Agriculture
Microbes at the Gas Pump
Hungry bug seeks hot meal
Watering the Air
Amphibians
Poison Dart Frogs
Bullfrogs
Frogs and Toads
Animals
Professor Ant
Not Slippery When Wet
Roach Love Songs
Behavior
Swedish Rhapsody
Fighting fat with fat
Fish needs see-through head
Birds
Doves
Hummingbirds
Dodos
Chemistry and Materials
Hitting the redo button on evolution
Flytrap Machine
Mother-of-Pearl on Ice
Computers
The science of disappearing
Small but WISE
The hungry blob at the edge of the universe
Dinosaurs and Fossils
Dino-bite!
Dino Takeout for Mammals
Mammals in the Shadow of Dinosaurs
E Learning Jamaica
2014 GSAT Results for Jamaican Kids
Results of GSAT are in schools this week
E Learning in Jamaica WIN PRIZES and try our Fun Animated Games
Earth
Island of Hope
Hints of Life in Ancient Lava
Explorer of the Extreme Deep
Environment
Catching Some Rays
Forests as a Tsunami Shield
Swimming with Sharks and Stingrays
Finding the Past
Untangling Human Origins
Sahara Cemetery
Early Maya Writing
Fish
Halibut
Basking Sharks
Hammerhead Sharks
Food and Nutrition
Packing Fat
Eat Out, Eat Smart
Sponges' secret weapon
GSAT English Rules
Whoever vs. Whomever
Subject and Verb Agreement
Who vs. That vs. Which
GSAT Exam Preparation Jamaica
GSAT Exam Preparation
2014 GSAT Results for Jamaican Kids
E Learning in Jamaica WIN PRIZES and try our Fun Animated Games
GSAT Exams Jamaica Scholarships
GSAT Practice Papers | GSAT Mathematics | Maths
GSAT stars reap scholarship glory
GSAT Scholarship
GSAT Mathematics
GSAT Practice Papers | GSAT Mathematics | Maths
Setting a Prime Number Record
Monkeys Count
Human Body
Gut Germs to the Rescue
Cell Phones and Possible Health Hazards
Sea Kids See Clearly Underwater
Invertebrates
Bees
Clams
Millipedes
Mammals
Rodents
Chinchillas
Boxers
Parents
Raise a Lifelong Reader by Reading Aloud
The Surprising Meaning and Benefits of Nursery Rhymes
Expert report highlights the importance to parents of reading to children!
Physics
Gaining a Swift Lift
One ring around them all
Powering Ball Lightning
Plants
Stalking Plants by Scent
Cactus Goo for Clean Water
Surprise Visitor
Reptiles
Komodo Dragons
Crocodiles
Boa Constrictors
Space and Astronomy
Unveiling Titan
A Smashing Display
A Great Ball of Fire
Technology and Engineering
Beyond Bar Codes
Searching for Alien Life
Space Umbrellas to Shield Earth
The Parts of Speech
What is a Verb?
Adjectives and Adverbs
What is a Noun
Transportation
Robots on a Rocky Road
Ready, unplug, drive
Tinkering With the Basic Bike
Weather
Polar Ice Feels the Heat
Arctic Melt
Where rivers run uphill
Add your Article

Tropical Birds

While local wild birds offer their own uniqe birdwatching experience, tropical climates and rainforest environments seem to attract the most vibrantly colored and exotic of bird species. Birds are extremely visual animals, and while you may be familiar with the sight of a bright red male cardinal, imagine the colors and patterns a bird must produce to compete with flowers and trees as brilliant as those in jungle forests. From rainbow lorikeets to vibrant macaws, tropical birds are perhaps the most visually stunning members of the bird family. The unique environment of the rainforest, and other habitats of tropical climates, have resulted in a wide variety of the world's most uniquely colorful birds. From the bright scarlet of macaws to the irridescent blue of peafowl, there seems to be no combination of colors too vibrant for tropical climes. Hundreds of species of parrot live in the rain forest. The scarlet macaw is just one of these. It is also one of the longest, stretching to a length of 3 feet from its head to the tip of its tail. When these macaws eat a poisonous fruit, they eat a special type of clay that gets rid of the poison. Toucans are also very colorful birds. They have large beaks that they use to reach fruit they could not otherwise get to. Scientists estimate there are 33 species of toucan in the rain forest. Not every tropical bird was blessed with looks, however. The hoatzin has the drab brown appearance of a peahen (a female peafowl.) Known for being inept flyers, Hoatzin crash land regularly. The brown kiwi of Australia is an entirely flightless bird with almost fur-like feathers and a long, narrow, curved beak. Despite having neither flight nor brilliant plumage to their credit, they are nevertheless adept runners and fighters.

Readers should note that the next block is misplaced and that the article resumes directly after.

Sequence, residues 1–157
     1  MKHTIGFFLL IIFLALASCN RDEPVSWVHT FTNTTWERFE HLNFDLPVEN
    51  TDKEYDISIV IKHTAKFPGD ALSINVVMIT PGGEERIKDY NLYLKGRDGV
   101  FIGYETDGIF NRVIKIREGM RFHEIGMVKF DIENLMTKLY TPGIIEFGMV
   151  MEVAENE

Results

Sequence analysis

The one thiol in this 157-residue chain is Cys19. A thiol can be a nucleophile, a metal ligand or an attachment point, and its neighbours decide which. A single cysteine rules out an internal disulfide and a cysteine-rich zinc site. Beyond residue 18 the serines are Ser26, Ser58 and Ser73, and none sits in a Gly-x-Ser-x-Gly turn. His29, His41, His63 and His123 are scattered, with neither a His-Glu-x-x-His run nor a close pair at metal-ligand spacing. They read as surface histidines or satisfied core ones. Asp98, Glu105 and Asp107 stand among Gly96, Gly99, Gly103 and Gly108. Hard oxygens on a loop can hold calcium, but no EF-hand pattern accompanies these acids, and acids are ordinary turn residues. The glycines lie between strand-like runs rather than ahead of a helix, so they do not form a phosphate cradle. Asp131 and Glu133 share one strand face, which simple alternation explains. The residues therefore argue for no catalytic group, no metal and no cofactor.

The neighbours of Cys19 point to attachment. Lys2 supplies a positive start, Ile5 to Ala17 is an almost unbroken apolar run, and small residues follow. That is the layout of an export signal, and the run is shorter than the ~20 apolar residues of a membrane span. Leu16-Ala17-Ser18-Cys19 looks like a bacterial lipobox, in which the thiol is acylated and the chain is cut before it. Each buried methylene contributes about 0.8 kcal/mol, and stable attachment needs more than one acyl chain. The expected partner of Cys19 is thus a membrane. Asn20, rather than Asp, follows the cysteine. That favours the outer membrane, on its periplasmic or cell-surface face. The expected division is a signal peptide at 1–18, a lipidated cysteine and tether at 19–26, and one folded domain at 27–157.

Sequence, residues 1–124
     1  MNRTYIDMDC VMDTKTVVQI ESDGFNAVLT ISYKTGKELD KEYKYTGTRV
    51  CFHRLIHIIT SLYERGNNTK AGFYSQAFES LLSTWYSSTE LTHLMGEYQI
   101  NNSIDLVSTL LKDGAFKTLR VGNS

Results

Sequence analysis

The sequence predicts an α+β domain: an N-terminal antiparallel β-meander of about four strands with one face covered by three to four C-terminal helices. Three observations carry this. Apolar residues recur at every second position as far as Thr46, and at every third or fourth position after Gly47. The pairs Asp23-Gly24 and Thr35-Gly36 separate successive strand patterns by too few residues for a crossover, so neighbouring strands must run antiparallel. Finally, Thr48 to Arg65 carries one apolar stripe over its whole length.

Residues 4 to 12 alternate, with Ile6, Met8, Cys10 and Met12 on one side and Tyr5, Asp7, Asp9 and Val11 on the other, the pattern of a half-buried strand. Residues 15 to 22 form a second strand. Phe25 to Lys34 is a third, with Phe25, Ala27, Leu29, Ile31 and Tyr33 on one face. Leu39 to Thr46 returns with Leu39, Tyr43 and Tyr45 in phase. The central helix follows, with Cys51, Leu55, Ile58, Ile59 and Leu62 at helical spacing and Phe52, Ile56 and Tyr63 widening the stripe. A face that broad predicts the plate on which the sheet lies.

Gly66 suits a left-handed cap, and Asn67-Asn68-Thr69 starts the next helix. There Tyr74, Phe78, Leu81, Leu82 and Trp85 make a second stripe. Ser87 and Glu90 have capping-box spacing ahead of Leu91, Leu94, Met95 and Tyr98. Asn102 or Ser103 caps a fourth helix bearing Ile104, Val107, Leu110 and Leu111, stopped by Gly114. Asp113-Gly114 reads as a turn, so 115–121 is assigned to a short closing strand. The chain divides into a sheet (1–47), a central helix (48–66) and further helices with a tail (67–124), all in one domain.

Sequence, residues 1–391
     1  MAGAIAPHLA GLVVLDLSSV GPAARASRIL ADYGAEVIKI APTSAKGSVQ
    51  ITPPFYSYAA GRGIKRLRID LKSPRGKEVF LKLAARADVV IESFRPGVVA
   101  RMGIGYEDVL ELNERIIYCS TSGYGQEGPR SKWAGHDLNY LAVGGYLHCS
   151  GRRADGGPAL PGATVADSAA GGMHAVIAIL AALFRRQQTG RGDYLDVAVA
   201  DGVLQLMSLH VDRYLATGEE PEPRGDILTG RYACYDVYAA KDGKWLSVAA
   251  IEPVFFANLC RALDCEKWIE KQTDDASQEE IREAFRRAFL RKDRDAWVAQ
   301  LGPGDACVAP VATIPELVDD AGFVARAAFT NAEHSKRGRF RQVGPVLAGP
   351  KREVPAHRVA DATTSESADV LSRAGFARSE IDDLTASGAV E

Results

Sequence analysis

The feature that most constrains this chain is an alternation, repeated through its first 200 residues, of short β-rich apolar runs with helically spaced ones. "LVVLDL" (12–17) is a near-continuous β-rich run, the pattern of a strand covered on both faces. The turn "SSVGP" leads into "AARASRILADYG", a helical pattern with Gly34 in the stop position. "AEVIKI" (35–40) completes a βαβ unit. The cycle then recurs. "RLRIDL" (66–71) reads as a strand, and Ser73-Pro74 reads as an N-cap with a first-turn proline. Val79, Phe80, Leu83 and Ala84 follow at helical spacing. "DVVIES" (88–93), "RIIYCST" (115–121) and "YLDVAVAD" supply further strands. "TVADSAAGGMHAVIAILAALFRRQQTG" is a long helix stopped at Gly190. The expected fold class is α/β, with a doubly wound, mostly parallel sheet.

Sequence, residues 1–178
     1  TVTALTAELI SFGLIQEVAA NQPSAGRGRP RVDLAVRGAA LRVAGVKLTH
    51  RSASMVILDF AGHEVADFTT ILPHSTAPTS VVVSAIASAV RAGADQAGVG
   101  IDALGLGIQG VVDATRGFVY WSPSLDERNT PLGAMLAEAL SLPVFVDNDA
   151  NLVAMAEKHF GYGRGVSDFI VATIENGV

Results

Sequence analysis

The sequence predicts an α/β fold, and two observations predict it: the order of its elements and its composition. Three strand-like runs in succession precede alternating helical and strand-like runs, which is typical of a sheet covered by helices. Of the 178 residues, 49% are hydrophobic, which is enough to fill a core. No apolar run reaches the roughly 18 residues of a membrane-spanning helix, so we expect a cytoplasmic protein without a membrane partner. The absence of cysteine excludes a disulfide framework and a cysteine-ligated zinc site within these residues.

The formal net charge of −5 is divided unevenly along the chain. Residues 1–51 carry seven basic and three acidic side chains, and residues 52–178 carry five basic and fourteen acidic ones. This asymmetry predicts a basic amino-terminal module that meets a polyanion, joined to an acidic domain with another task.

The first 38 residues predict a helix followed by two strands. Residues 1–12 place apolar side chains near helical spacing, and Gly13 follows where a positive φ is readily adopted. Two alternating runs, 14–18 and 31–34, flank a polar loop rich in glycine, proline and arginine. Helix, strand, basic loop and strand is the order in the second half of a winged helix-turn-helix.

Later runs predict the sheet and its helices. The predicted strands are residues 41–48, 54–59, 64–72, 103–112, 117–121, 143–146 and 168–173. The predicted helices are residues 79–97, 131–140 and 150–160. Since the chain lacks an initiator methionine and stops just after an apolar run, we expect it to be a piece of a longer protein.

Tropical Birds
Tropical Birds








Designed and Powered by HBJamaica.com™